GO Annotation for the Cardiovascular System


The overall objective of the Cardiovascular GO Annotation Initiative is to provide a unique public resource for the cardiovascular community, both in the UK and internationally, by providing comprehensive functional annotation for genes implicated in heart development and cardiovascular processes and disease. High-throughput genomics and systems biology are particularly powerful tools for the investigation of multi-factorial phenotypes, such as cardiovascular disease. However, at the moment, systems biology approaches to dissect the human cardiovascular system are severely hampered by the lack of functional annotation of many of the key gene products likely to be involved. Consequently this initiative will support a concentrated effort to improve the manual annotation of genes involved in the cardiovascular system using the Gene Ontology (GO). The improved annotation of these genes will ensure that the investment in genome sequencing along with the accumulated knowledge of heart disease and cardiovascular processes can be exploited to the full, for the benefit of researchers seeking to alleviate cardiovascular diseases.

The Cardiovascular GO Annotation Initiative is a collaborative project between the UniProtKB-GOA group based at the European Bioinformatics Institute (EBI) and three research groups at University College London (UCL).

This project is supported by the British Heart Foundation.

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Plan Of Action

  1. We have created a feedback form for cardiovascular scientists and other interested parties to comment on existing GO annotation and guide our continuing GO annotation efforts. Using this form, a variety of information can be submitted to the GO curators; for example: missing experimentally established facts about particular genes involved in the cardiovascular system, that are not currently represented by GO annotation, or publications for curator review. In addition scientists can suggest genes for annotation using this feedback form, or simply sign up for our quarterly newsletter.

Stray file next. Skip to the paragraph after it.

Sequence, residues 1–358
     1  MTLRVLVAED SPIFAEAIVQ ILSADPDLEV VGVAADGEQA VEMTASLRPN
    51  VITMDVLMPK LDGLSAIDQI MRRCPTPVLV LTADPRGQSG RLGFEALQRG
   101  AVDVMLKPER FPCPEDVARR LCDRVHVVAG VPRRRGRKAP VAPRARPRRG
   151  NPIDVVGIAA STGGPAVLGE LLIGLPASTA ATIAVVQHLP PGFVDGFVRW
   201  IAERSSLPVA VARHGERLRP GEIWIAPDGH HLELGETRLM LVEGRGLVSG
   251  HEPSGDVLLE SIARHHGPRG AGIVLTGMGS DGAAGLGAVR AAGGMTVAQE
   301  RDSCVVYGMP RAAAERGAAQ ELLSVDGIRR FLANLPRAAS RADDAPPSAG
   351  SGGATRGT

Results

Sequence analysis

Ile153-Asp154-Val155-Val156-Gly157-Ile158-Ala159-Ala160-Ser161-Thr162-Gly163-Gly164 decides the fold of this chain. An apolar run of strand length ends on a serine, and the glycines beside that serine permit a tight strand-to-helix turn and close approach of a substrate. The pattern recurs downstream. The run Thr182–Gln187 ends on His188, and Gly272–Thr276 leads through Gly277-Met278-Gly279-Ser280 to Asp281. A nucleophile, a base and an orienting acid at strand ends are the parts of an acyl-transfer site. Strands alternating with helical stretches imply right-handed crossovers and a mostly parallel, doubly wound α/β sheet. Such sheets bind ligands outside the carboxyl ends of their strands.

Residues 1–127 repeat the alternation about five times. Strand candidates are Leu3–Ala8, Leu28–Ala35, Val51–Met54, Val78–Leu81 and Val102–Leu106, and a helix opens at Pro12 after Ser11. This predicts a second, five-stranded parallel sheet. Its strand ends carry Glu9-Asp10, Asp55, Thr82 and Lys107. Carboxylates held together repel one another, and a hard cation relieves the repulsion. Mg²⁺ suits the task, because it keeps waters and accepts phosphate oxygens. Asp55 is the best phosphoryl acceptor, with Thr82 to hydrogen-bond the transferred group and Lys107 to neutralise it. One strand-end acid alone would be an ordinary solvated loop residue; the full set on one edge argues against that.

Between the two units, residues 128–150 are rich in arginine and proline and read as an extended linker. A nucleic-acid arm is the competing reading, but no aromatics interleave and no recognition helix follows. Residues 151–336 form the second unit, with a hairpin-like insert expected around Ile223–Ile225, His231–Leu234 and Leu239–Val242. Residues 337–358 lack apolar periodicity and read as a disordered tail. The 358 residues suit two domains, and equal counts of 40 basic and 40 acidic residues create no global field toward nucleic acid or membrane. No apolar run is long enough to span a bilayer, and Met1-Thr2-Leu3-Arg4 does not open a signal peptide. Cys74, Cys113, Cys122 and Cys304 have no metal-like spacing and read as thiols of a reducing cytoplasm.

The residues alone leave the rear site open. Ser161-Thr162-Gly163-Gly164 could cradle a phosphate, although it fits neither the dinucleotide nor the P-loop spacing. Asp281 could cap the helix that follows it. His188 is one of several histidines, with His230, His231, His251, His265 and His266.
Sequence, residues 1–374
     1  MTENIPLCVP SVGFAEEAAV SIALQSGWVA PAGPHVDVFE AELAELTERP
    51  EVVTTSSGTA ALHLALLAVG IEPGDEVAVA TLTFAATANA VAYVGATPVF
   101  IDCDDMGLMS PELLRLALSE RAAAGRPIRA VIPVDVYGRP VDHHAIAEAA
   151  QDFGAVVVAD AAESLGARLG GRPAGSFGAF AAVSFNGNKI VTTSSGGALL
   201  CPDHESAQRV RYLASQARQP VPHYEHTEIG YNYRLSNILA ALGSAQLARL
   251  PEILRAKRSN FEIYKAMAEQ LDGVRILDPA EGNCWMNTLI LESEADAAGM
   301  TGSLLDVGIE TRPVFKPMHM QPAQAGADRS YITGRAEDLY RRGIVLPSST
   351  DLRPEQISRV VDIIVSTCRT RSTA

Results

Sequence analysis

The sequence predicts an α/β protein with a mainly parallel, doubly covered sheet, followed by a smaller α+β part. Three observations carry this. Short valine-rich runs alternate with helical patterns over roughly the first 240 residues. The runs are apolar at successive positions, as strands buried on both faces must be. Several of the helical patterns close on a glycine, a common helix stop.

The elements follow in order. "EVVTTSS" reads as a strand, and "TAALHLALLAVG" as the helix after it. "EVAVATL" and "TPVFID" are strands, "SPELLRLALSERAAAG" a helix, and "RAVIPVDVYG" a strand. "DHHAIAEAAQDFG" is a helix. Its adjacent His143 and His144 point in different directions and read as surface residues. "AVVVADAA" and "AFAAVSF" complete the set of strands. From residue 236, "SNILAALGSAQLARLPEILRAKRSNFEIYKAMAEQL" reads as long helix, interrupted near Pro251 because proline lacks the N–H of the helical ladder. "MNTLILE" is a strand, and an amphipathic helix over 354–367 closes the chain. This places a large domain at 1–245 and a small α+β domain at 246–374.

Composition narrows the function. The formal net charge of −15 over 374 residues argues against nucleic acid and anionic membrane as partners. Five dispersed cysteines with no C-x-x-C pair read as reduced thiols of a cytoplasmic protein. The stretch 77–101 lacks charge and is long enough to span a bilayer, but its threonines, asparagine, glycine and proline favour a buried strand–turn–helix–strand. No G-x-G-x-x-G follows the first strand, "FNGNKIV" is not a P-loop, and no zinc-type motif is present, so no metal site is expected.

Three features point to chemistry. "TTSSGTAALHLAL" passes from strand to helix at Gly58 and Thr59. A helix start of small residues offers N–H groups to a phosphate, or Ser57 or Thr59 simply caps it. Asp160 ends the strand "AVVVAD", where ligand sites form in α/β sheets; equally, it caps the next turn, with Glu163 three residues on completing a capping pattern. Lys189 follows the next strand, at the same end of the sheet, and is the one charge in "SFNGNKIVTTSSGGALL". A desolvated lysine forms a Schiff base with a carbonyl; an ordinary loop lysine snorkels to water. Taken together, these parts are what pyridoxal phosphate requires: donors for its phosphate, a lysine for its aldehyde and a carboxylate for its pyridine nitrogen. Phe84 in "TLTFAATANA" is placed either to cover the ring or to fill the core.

2. We have prepared a list of over 4000 genes with association to cardiovascular processes. A description of how the Cardiovascular GO Annotation Initiative gene list was assembled is available on the GO wiki.
  3. We have started to annotate high priority genes from the cardiovascular relevant gene list in a systematic fashion. There is also documentation on how these genes will be annotated.
  4. We plan to hold a series of workshops to involve experimental scientists directly in the GO annotation process, to increase the quality and quantity of annotation for cardiovascular associated genes.

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How You Can Contribute

You can participate in this effort at many different levels.

  • We are particularly keen to recruit cardiovascular scientists to review our annotations. Information can be submitted to the curators either via the cardiovascular feedback page or by emailing GOAnnotation@ucl.ac.uk (the cardiovascular annotation team). Users can supply us with the PubMed identifier of a key experimental publication for curation or provide more detailed information or commentary, such as pointing out any experimental data that might be controversial (these may be discussed with our international scientific advisory panel). Information regarding genes in any species is welcome. We will review information on a timely basis, and notify users of how their contributions have resulted in GO annotations.
  • Use the UniProtKB-GOA User Survey to suggest proteins that you would like to see prioritized for manual annotation, to suggest references or GO terms to be included in the GO annotation or to join our expert panel to review a specified set of fully manually annotated proteins.

All contributions are appreciated.

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Data Dissemination

All cardiovascular-associated GO annotations generated from this project will be freely available via the Gene Ontology website, Ensembl, and UniProtKB databases, and by the databases of the species-specific projects. These annotations will, de facto, be incorporated into Entrez Gene by the National Center for Biotechnology Information (NCBI).

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Additional Information

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